Personally, I tend to shoot at around f/8 to f/22 as it lets me showcase plenty of stunning details when capturing landscapes and cityscape scenes. But it’s a good idea to vary your aperture depending on the scene, the subject, and personal preference.
The best shutter speed for travel photography
The shutter speed is the length of time your camera shutter stays open – in other words, the length of time you are actually taking a photo.
Longer shutter speeds let in more light, which is helpful when shooting at night and during sunrise and sunset. But lengthy shutter speeds also produce image blur. To shoot photos at a shutter speed below 1/60s or so, you’ll need a tripod; otherwise, you’ll end up with soft, unusable images.
So what shutter speed is best for travel photography(9 Photographs That Will Get You In The Mood for Spring)? If you’re working in bright light, you can easily set your shutter speed to above 1/200s or so, which will keep your photos sharp (even if they feature moving people).
However, once the light starts to decrease, you’ll either need to lower your shutter speed or raise your ISO to keep your exposures nice and bright. If you have a tripod handy, then dropping your shutter speed is fine – and it’ll even help you create beautiful long-exposure landscape photos like this one:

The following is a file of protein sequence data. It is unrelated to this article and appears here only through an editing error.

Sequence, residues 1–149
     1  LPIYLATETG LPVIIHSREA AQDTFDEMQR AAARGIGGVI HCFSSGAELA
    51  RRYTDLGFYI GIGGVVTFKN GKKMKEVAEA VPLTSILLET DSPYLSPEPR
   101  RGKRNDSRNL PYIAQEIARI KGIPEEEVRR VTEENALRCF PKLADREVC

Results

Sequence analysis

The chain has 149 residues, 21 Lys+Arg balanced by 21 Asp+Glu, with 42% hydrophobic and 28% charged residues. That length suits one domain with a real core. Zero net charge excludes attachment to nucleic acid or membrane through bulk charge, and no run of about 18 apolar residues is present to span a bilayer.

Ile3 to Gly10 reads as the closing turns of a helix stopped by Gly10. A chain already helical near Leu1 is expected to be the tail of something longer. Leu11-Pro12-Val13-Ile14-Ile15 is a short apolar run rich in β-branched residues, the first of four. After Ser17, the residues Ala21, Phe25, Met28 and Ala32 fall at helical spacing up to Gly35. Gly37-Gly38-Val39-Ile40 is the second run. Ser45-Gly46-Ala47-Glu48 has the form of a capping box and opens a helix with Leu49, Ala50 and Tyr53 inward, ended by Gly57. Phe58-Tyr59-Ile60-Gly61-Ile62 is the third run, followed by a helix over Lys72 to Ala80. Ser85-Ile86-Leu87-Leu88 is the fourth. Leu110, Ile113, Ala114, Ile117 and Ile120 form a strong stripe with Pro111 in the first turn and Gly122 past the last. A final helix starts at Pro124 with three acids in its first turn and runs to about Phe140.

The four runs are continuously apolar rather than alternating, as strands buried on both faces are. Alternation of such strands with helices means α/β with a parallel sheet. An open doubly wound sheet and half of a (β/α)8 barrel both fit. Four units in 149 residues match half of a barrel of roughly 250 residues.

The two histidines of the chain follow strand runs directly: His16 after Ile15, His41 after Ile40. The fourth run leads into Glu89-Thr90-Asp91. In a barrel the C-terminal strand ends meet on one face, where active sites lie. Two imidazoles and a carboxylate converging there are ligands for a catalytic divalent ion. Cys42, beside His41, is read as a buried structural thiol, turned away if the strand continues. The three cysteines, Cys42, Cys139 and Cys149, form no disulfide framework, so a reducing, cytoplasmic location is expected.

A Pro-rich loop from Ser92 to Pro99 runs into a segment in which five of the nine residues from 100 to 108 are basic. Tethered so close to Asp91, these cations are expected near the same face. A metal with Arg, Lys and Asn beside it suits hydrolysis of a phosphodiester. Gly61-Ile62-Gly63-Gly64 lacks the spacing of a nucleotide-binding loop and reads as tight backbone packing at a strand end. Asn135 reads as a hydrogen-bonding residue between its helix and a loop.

The best ISO for travel photography
ISO refers to your camera’s sensitivity to light.
The higher the ISO, the more sensitive your camera becomes, and the brighter the resulting image.
Unfortunately, high ISOs also produce noise, which looks bad and will quickly ruin image quality.
So what do you do?
When the light is good or you’re working with a tripod, keep your ISO as low as you can (around ISO 100). That way, you get the best-quality travel images.
But when the light drops, if you’re shooting handheld, raise the ISO as much as necessary (and never more). Boosting the ISO will keep your shots well exposed even if you use a fast shutter speed, so when working handheld in low light, it’s a sacrifice you have to make – just don’t push it any further than you need to.